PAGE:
Reply
  • mitch074
    Rdslw said:
    it have ONLY 2 gains in this config:
    dedicated ram, so gpu dont burn yours 16 GB. as a chrome user, I really love every spare MB of ram.
    dual gpu == twice the screens. If there is an option for usb-c(or TB) to hdmi. I really hope it is included.as intel versions of this have gpu & non gpu versions,you should have an option.
    I really wanted a new laptop ^ 98% like this one (swappable or faster ram+thunderbolt :( ) but all in all it's a good setup.
    as its not meant to be played, that GPU is a bit pointless, but as mentioned dock with screens might be the reason to have that gpu on board.
    I had UX32 as portable setup for ~7y now, but it decided to become 2 in 1 lately (screen is a separate component, plastic hinge snapped) and that ryzen powered one was very neat replacement I was looking for since January....
    I really hope inventory will appear next month. I had a breakdown last weekend and ALMOST ordered i7 version of it :)
    Yeah, no - an iGPU driver will only allocate as much RAM as it needs, and hardware compositing makes it so that data isn't duplicated anyway.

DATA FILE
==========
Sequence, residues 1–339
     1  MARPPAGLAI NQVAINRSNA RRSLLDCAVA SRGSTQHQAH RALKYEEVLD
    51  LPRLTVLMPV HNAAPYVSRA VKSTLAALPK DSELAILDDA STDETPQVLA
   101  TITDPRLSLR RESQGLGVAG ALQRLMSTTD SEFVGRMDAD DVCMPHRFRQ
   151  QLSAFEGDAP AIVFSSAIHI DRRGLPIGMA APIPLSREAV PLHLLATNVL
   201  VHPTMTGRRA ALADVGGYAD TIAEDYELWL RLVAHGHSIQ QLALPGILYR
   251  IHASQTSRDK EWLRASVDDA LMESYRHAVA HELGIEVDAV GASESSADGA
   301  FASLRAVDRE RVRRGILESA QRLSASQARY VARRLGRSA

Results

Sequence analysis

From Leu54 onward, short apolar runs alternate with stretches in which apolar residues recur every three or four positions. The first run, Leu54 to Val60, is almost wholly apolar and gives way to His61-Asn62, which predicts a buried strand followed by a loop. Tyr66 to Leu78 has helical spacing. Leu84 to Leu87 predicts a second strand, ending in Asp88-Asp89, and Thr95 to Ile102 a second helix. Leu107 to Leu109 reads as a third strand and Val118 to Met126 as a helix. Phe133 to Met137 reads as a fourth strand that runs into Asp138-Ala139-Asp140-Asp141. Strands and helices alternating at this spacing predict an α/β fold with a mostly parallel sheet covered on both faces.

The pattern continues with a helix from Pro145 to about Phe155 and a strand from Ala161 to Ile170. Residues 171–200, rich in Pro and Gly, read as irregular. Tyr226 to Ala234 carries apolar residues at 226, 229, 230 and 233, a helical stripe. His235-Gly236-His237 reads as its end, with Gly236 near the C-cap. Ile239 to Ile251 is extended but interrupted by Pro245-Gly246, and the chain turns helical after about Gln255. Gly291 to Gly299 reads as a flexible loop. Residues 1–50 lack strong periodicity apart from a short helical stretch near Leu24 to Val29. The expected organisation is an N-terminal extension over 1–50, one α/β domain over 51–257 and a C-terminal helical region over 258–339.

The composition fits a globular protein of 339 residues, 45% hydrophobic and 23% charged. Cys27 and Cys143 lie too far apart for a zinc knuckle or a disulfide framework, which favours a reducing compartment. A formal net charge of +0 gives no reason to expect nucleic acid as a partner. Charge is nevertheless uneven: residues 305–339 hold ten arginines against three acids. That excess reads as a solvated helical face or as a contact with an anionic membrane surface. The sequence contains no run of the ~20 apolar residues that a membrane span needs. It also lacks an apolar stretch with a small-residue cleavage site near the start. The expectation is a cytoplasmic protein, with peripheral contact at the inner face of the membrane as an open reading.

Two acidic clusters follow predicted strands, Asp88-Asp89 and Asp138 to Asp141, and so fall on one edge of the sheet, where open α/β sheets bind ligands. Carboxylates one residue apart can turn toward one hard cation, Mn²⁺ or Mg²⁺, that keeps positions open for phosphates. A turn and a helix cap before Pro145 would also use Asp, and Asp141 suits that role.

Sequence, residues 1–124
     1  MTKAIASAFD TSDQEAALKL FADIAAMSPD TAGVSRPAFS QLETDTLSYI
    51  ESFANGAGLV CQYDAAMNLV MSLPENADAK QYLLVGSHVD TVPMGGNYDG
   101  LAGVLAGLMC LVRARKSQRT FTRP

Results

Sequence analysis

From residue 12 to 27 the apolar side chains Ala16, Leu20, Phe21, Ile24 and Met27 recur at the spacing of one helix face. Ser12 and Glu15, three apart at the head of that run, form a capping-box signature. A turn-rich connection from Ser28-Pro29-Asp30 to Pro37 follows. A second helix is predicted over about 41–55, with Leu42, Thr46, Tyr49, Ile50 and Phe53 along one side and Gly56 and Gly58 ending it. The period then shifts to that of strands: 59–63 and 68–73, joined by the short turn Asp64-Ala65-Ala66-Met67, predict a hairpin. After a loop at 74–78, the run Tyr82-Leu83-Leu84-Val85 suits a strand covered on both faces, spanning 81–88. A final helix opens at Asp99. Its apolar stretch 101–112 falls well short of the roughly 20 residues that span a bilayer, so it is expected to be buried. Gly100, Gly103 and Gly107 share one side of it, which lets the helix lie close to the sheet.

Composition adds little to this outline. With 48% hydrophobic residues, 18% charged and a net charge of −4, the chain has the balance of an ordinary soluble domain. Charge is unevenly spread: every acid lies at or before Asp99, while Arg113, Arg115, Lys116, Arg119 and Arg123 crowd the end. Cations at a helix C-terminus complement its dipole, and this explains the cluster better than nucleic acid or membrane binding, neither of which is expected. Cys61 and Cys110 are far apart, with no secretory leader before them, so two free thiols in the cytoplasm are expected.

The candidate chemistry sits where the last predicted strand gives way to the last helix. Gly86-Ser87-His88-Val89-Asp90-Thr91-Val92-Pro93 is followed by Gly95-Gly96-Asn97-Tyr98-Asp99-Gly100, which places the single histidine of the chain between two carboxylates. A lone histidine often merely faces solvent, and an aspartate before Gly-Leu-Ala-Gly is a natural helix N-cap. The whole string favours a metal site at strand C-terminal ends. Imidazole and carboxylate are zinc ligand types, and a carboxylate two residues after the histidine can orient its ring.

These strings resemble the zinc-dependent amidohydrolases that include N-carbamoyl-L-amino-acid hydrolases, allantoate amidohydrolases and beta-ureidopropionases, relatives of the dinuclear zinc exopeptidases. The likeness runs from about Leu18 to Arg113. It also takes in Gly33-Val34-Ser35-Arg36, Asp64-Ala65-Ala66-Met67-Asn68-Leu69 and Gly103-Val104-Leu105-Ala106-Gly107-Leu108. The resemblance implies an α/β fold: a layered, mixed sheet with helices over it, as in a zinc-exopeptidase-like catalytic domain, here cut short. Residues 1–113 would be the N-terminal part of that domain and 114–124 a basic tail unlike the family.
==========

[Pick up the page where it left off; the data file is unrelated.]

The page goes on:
As for the number of screens, Windows is far too stupid to handle several screens through several adapters properly - I tried, it's crap. And AMD hardware can handle up to 6 screens since HD4xxx.
    No, the main reason why they put that meh discrete GPU is because if there's no Nvidia, then it's not a laptop for gamers, regardless of actual performance.
    Reply
  • mitch074
    Frankly, I would personally really enjoy a "pro" laptop like a HP Probook with a Ryzen APU : it's rather sturdy, you can service it quite easily, there is no discrete GPU because it's a "pro" machine - and Vega 7 on dual channel DDR4 should be plenty enough for the odd gaming session @720p Low if I don't have my gaming rig handy.
    Reply